Creative Journal Writing With Grandkids
They can make it a personal journal or one for friends or family members, jotting down experiences, adventures or notes about whatever they're interested in.
Then the Lord replied: "Write down the revelation and make it plain on tablets so that a herald may run with it." (Habakkuk 2:2, NIV)
"Isn't this fun, Gramma? Just the two of us."
My 8-year old grandson Noah hopped out of the car and onto a nearby rock and then onto a log, and then onto a picnic table and then onto another rock. The fun had begun. We had just arrived at a nature knowledge workshop for kids, their parents and grandparents in the Laguna Mountains in Southern California.
One of the most significant activities of the weekend for Noah was journal writing. He asked me to help him make a few entries in a science journal he had started at home. He wanted some tangible memories of our weekend together.
Noah unpacked his journal first thing and made sure he had it with him at all times. As soon as we completed an activity, he pulled it out, handed it to me and then dictated three or four sentences that summarized his experience. I wrote down exactly what he said. He's an excellent reader, but he was still mastering his writing skills. Noah sometimes added personal drawings, photos or pictures from magazines to illustrate his entries. After viewing a slide show on animal behavior, he said: "If you see a mountain lion, don't run. Make yourself look big by putting your arms over your head and pushing out your muscles."
By Sunday afternoon he had several pages filled with writing and simple drawings. When we met his dad at our usual rendezvous spot, the first words out of Noah's mouth were, "Dad, Dad, want to hear my journal?" His father later reported that Noah read from his science journal all the way home. And he entertained his brothers and sister at dinner with all the new facts he had learned at the Nature Knowledge Workshop. I captured most of our weekend experiences on film, so I sent him a small photo album of pictures to augment his science journal. It was a rich experience for both of us. We shared a very special time together as grandmother and grandson, and we also learned about God's green earth and the bounty of natural gifts He has provided.
Jordan, another grandson, started a creative photo album for his experiences as a Boy Scout. He decorated each page with stickers and stripes and added a few words under each picture to help him remember the people and the event. The result was a journal/photo album that he was proud to take to school and share with his teacher and classmates.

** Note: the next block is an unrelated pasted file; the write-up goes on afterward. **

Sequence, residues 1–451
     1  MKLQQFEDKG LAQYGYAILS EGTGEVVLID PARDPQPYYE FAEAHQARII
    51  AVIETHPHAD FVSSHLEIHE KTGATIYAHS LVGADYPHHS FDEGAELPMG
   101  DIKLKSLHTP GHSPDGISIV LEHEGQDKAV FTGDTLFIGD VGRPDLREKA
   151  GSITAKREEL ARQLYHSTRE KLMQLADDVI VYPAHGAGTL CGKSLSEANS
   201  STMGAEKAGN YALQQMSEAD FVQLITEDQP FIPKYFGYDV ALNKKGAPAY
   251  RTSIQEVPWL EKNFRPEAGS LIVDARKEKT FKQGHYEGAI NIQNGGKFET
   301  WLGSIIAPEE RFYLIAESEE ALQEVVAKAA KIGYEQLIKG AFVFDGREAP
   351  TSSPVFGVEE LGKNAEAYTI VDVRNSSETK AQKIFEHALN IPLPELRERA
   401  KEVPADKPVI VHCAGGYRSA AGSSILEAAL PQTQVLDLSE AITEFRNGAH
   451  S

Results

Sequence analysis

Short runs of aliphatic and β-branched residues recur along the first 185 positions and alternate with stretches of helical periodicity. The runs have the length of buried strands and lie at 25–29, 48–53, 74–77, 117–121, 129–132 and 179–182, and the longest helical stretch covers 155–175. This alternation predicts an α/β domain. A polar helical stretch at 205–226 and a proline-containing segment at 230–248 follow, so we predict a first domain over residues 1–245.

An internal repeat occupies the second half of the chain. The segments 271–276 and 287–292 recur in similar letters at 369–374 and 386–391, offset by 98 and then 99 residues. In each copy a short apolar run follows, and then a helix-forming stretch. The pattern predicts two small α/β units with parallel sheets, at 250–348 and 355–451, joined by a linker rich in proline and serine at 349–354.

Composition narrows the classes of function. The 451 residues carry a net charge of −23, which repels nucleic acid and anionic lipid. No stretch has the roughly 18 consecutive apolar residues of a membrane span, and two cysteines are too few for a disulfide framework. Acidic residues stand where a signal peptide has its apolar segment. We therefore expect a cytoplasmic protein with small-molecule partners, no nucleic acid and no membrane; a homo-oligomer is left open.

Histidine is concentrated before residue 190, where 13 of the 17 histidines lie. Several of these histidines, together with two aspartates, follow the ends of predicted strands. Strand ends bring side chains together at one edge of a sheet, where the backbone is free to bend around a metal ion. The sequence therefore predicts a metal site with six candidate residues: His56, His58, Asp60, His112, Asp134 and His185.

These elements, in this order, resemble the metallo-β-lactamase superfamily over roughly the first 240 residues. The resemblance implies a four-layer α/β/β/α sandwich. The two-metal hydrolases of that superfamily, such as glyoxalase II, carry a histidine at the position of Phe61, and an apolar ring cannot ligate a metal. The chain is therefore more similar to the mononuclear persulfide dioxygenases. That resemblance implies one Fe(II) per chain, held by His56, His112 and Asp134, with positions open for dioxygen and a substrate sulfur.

You might consider doing something similar with your grandchildren. Help them capture their experiences and interests in words, then have fun together adding colorful stickers, smiley faces, drawings, sketches or photos with captions. They can make it a personal journal or one for friends or family members, jotting down experiences they've shared, adventures they've enjoyed together or notes about whatever they're interested in.
In addition to a science journal like Noah's, there are plenty of other types of journals:
Personal Diary: This kind appeals to kids who enjoy writing about their feelings, their friendships and their daily experiences.
Sports Log: This appeals to kids who like to remember and talk about their victories and defeats and who scored the winning point.
Vacation Chronicle: Some young people enjoy keeping track of an adventure at camp or a family vacation by taking notes to add to their photos.
Letters to God: If your grandchildren are going through a rough time, you can encourage them to write a letter to God telling Him how they feel and asking for guidance. Then help them listen for God's response. Children are very perceptive and often "hear" God's voice in their hearts faster than adults do.
When starting a journal, you may want to first gather some or all of these items:
- A blank book or notebook
- A pen or pencil
- Colored markers
- Assorted stickers
- Pictures from magazines
Depending on your grandchildren's age and skill level, you can support them with encouraging comments or take an active part by helping with the writing and/or decorating. You could also start your own journal and make entries in yours as they write in theirs, sharing with one another whatever part you wish.
The important thing is to help them capture the moment in a way that's fun, memorable and creative.
Copyright 2004 by Karen O'Connor. Used by permission. All rights reserved.